But Brand is cautious to point out that he believes that gambling addiction or online gambling is not an option: “Every person has nerve adaptations related to virtually all behavior. This means that if you pay attention to specific behaviors often and very intensively, it can lead to nerve adaptations, which can also change your ability to control use, ”he says.

The birth of addiction

The final part of Brand’s contribution addresses some of the glaring gaps in our knowledge of how addiction begins and how it persists. The Internet is not only an integral part of the lives of the vast majority of people, but it is also something they use every day without becoming addicted. Why do some social network users rely entirely on buzzing notifications, while others can easily put off their phone?

Brand says the answer involves a vulnerability factor that is common to other mental disorders: genetic predisposition, early childhood trauma, and specific personality traits play a role.

A feature that these factors can affect, Brand says, is self-control – the ability to say “no” to the temptation of the screen or the bell from your phone. What is not clear, however, is whether the above vulnerability factors impair individuals’ ability to make beneficial decisions for themselves, or whether positive and negative empowerment is a causal factor in losing control of users.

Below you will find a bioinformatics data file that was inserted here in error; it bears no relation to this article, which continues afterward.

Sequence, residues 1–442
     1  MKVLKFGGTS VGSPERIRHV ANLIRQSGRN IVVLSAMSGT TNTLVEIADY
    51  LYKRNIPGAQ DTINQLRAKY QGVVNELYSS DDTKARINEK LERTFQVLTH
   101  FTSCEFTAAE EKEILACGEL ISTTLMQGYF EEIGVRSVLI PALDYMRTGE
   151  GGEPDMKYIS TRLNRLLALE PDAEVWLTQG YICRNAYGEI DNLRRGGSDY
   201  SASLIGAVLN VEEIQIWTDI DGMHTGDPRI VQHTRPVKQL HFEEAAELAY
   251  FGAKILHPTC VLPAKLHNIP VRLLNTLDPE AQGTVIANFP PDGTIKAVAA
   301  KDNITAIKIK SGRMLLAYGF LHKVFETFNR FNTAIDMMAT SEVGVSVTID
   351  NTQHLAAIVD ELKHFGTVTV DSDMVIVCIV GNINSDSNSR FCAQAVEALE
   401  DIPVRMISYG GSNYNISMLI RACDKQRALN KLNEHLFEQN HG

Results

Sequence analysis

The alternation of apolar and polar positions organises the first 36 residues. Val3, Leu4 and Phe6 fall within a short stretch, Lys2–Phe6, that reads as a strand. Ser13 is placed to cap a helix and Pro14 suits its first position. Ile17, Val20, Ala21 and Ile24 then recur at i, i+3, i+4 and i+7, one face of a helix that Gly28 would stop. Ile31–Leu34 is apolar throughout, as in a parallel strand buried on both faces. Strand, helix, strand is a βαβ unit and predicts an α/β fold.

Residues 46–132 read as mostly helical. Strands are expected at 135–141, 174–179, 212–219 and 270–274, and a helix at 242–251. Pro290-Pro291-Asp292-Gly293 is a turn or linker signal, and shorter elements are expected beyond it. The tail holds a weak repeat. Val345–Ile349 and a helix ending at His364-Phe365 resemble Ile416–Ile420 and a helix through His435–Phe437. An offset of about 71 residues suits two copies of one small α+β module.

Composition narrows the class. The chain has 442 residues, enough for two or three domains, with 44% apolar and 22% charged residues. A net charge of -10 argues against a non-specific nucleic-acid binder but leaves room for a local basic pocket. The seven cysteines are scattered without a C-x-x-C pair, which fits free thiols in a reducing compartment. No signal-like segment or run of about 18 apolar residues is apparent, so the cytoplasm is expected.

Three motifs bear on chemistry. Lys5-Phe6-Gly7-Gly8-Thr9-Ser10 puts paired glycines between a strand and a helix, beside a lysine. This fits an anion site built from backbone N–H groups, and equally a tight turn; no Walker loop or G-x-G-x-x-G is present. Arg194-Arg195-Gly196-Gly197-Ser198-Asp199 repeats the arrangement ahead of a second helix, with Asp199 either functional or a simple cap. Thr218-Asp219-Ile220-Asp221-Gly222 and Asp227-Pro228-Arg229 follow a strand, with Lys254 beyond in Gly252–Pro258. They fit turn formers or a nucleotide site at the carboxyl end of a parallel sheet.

The last unknown that Brand discusses is how specific the mechanisms of Internet addiction are. He points out that dependence on online applications and gaming platforms presents some unique obstacles to recovery. Unlike alcohol, for example, applications that want to keep users on the hook are actively modified based on previous activity to be as attractive and difficult to suppress as possible. In addition, for the vast majority of our population, it is impossible to avoid being online, such as cocaine. That is, Brand says, “complete abstinence is not a goal and cannot be a goal.”

Long-term studies that combine multiple types of analysis are needed to answer these questions, says Brand. If the causes of these addictions turned out to be Internet-specific, what could public health authorities do to help patients? Brand says there is no need to “stigmatize all players or anyone who uses online shopping”, but that regulators could focus on specific elements.

As potential targets, Brand mentions loot boxes, which bring an element of gambling to online gaming settings, and the harvesting of private data by social media networks as the price of free access to their platforms. Part of the solution, he concludes, will also be on the user’s side: “Early intervention and therapy should also be improved. I think it’s on both sides; you can work at a societal level, and I think that is important, and also at an individual level, to help people prevent this problematic behavior from developing. ”

Link: M brand, Can using the Internet become addictive? Science. 2022; 376 (6595). two:10.1126 / science.abn4189